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For many of us, Tu BiShvat, the Jewish holiday that celebrates trees and the earth, falls in the middle of the coldest, snowiest part of the year. Nonetheless, here are seven ways you can celebrate the new year of the trees and planet Earth
Coming a month and a half before the spring equinox and two months before Passover, Tu BiShvat provides a glimmer of springtime at a time when winter can often be at its cruelest.
We often talk at the Passover seder about the Four Children: the wise child, the wicked child, the simple child, and the child who does not know how to ask.
This Passover, brainstorm some other food combinations that might exemplify the bitterness and sweetness of freedom.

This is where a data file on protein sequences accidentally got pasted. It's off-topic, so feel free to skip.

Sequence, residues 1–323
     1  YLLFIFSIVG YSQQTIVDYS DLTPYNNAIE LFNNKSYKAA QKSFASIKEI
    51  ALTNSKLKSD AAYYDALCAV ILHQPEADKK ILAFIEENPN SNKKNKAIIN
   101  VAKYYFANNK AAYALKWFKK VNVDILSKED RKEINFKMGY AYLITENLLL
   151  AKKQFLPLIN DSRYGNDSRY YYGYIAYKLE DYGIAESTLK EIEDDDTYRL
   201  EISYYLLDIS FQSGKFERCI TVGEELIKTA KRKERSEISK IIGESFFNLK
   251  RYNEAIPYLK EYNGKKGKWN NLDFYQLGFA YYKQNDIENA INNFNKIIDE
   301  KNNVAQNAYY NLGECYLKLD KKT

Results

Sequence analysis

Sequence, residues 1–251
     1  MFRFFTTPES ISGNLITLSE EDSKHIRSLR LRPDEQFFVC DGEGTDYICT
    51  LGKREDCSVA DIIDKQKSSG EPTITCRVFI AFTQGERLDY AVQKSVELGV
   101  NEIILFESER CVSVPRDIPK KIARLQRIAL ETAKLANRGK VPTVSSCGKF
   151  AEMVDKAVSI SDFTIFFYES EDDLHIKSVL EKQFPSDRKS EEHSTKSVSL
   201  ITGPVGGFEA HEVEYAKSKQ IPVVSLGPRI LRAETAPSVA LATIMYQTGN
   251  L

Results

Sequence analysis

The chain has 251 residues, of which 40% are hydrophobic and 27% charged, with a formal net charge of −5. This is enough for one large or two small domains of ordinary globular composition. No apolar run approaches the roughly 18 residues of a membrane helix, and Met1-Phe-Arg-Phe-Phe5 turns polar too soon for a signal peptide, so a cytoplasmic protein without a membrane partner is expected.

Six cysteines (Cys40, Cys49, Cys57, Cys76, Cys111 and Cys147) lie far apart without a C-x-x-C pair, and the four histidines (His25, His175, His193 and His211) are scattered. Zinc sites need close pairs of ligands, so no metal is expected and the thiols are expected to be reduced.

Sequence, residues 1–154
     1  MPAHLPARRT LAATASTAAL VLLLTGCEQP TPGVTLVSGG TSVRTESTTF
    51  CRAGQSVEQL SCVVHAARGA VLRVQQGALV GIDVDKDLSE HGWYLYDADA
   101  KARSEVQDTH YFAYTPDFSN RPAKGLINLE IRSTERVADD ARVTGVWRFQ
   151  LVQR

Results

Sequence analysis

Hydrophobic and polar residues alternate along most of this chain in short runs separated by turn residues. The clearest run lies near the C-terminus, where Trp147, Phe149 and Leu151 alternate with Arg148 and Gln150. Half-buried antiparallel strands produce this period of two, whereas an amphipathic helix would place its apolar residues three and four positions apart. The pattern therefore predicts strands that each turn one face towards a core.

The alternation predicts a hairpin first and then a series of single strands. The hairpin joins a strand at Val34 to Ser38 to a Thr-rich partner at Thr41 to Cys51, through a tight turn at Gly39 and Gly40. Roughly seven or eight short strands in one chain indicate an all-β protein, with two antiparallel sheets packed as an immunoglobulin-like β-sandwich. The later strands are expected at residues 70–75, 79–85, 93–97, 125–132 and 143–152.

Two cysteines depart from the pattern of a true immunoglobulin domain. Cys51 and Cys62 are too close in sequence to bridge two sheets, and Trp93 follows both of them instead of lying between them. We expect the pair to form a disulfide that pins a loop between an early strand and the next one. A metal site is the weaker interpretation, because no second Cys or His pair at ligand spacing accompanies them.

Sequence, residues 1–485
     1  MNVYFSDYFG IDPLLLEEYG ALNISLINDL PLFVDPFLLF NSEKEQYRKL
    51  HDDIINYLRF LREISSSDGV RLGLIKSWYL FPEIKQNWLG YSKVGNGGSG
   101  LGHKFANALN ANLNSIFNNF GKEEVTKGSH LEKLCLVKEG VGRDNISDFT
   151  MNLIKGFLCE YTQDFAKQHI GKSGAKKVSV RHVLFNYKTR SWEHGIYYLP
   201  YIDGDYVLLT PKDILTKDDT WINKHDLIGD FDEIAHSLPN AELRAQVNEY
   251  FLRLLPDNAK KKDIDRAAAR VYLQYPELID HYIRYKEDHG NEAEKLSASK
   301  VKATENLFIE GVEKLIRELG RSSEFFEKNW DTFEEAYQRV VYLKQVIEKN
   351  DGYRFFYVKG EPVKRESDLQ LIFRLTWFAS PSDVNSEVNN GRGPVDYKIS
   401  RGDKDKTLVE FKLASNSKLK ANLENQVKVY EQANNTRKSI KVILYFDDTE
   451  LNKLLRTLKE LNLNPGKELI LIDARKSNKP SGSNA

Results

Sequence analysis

Star Wars is very Jewish, and you don’t have to take my (or Mel Brooks’) word for it. Here’s some proof!
I know that if I don’t have a few tricks up my sleeve, my boys will be glued to a screen 24/7. If you’re in the same position, here are a few tips for keeping kids busy.
This is the message that should permeate our seders: connecting, conversing, and asking all kinds of questions. Here are a few ways to try this out at your own seder:
Download our three themed menus for Passover, whether you’re cooking for one or sending your holiday menu to others who will join your virtual seder from afar. Populated with our favorite kosher-for-Passover dishes, each menu is specially curated to include recipes for entrees, starters, sides, and desserts, plus pro-tips from the chefs.